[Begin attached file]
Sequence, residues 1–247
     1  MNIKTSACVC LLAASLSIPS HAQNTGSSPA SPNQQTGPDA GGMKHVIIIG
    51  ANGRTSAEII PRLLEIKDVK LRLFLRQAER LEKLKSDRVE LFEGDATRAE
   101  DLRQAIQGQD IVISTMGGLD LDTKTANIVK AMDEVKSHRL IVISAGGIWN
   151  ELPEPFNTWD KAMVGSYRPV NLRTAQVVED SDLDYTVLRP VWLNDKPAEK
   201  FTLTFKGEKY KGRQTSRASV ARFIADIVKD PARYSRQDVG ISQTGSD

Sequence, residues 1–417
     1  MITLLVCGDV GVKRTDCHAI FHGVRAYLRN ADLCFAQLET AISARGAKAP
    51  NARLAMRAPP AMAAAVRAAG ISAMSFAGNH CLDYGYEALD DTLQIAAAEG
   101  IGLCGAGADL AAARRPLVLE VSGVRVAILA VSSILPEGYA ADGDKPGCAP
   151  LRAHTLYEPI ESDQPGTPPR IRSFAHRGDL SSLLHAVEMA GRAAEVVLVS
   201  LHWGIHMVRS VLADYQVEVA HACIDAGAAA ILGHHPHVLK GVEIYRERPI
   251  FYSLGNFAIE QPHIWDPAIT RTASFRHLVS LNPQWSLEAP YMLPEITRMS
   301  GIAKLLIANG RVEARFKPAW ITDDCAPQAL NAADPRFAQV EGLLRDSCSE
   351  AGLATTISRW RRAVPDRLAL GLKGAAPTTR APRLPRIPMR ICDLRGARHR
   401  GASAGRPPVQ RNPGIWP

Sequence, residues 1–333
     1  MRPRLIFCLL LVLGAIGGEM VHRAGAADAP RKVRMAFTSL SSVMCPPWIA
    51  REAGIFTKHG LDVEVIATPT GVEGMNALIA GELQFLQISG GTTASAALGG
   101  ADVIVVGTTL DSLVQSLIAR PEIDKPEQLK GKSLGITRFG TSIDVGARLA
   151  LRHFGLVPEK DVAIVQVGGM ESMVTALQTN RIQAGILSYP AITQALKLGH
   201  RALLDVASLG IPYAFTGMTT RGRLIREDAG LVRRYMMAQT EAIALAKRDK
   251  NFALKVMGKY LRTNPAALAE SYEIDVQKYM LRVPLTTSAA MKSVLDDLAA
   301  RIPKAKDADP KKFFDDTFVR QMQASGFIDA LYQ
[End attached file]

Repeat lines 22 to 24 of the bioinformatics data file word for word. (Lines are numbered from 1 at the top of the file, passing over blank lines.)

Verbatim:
   201  RALLDVASLG IPYAFTGMTT RGRLIREDAG LVRRYMMAQT EAIALAKRDK
   251  NFALKVMGKY LRTNPAALAE SYEIDVQKYM LRVPLTTSAA MKSVLDDLAA
   301  RIPKAKDADP KKFFDDTFVR QMQASGFIDA LYQ